Are you and everyone involved in your plan in the same exact family, financial, and health situations you all were when your plan was created? Are you in the same state? Your estate plan should comply with your state of residence’s laws, not another state’s laws.

As I tell my clients, an estate plan is not a bucket list item – you can’t just create a plan and then cross it off the list. It’s a process that will provide what’s needed to guide your loved ones when you’re no longer able to help them.

So, take a good look at your current estate plan and its associated documents now. If anything needs work, contact a local estate planning or elder law attorney. Most of us can meet with you virtually via phone or Zoom video conferencing and make safe arrangements for executing documents. This is one thing that doesn’t need to wait until the world returns to normal.

And then review them every 3-5 years, or when you or your family members experience major life events. Remember, you’re not doing this for you…you’re doing it for them.

Other articles you may find interesting:

Can Multi-Generational Living Arrangements Work for Families?

Blended Families Need More Thoughtful Estate Plans

***Want to learn more about how to protect your family from the government, lawsuits, accidental disinheritance, or nursing homes? Click THIS LINK to book a seat at one of our upcoming fun and educational workshops.***

Estate Planning: Writing Your Own Obituary

John Adams obituary
Public obituaries are nice, but the private obituary you leave your family can be priceless.

An obituary can be much more than just a dry announcement of the time and location of your funeral or memorial service. It can be a way to share your life story, and communicate information about significant events and people, as well as important values you would like to impart to others. You don’t need to leave this task to grieving family members after you pass away; instead, writing your own obituary can be an important part of your estate plan that you can do today.

Estate Planning Isn’t Just about Money and Property

When estate planning is mentioned, it’s not unusual for a Will or a trust to come to mind first. Wills and trusts are among the most common estate planning tools for transferring your belongings and money to your loved ones. But money and property are not the only forms of wealth you’ve accumulated over your lifetime. You have many stories, lessons, experiences, and values to share. You may also want to acknowledge influential family members and other people who’ve played an important part in your life. Your obituary is also a great opportunity for you to ensure that you are remembered in the way you wish.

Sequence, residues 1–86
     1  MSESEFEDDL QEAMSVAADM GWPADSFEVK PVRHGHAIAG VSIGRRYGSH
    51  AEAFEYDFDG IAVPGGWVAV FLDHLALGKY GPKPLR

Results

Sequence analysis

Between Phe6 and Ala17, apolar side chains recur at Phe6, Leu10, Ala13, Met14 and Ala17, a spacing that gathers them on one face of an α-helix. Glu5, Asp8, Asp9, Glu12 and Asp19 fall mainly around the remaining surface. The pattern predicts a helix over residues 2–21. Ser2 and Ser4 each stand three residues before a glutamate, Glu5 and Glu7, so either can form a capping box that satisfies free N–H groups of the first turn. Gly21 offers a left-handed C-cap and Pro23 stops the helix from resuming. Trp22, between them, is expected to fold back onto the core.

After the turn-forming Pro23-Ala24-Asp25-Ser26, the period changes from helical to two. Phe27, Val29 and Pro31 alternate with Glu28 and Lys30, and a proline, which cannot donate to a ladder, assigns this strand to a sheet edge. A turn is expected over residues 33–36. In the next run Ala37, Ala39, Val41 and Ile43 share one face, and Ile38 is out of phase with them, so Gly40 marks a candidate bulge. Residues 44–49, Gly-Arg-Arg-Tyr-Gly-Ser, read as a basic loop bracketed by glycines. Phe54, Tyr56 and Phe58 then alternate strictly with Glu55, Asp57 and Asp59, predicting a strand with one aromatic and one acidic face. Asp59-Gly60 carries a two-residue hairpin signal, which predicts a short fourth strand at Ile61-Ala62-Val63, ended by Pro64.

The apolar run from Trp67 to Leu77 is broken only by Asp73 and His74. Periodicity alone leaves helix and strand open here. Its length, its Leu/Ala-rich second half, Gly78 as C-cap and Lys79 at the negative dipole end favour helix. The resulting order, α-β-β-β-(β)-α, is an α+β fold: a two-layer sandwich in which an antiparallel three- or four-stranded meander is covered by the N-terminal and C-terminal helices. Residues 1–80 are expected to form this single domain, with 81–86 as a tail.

What Should You Include in Your Obituary?

Because your obituary is all about you, you can emphasize any aspects of your life you wish. There’s no correct format, so you’re free to tell your story in the way you feel most comfortable, showcasing your personality. Here are a few ideas to get your creative juices flowing:
  • Important life events: If you’d like an opportunity to tell a brief story of your life, your obituary can provide an opportunity for you to highlight the most impactful experiences from your youth into adulthood.
  • Lessons learned: Most people learn many lessons over the course of their lives, and it’s likely that friends and family members can benefit from your experiences. You can include these lessons in your obituary if you choose so they’ll also be available to a wider audience.
  • Gratitude: You can use your obituary to express gratitude to the people who’ve played an important and beneficial role in your life. If you’re dealing with a long-term or chronic illness, you may wish to thank healthcare providers or caregivers who have gone above and beyond to help you during a difficult time.
  • History: Times are changing rapidly. You can tell your friends and family about the different periods in history in which you lived and how they impacted you. If you lived through a war or were involved in or witnessed certain historical events, your loved ones will cherish your memories of those times because they are part of what molded you as a person. Writing down your memories will also leave an important historical record for the next generation.
  • Goodbyes: Your obituary can be a wonderful way for you to say goodbye to friends and family members who may not live near you and are unlikely to be present when you pass away. As sad as it seems, it’s invaluable for those who are important to you to know that you have thought of them and have made an effort to express your affection.

Where Should You Store Your Obituary?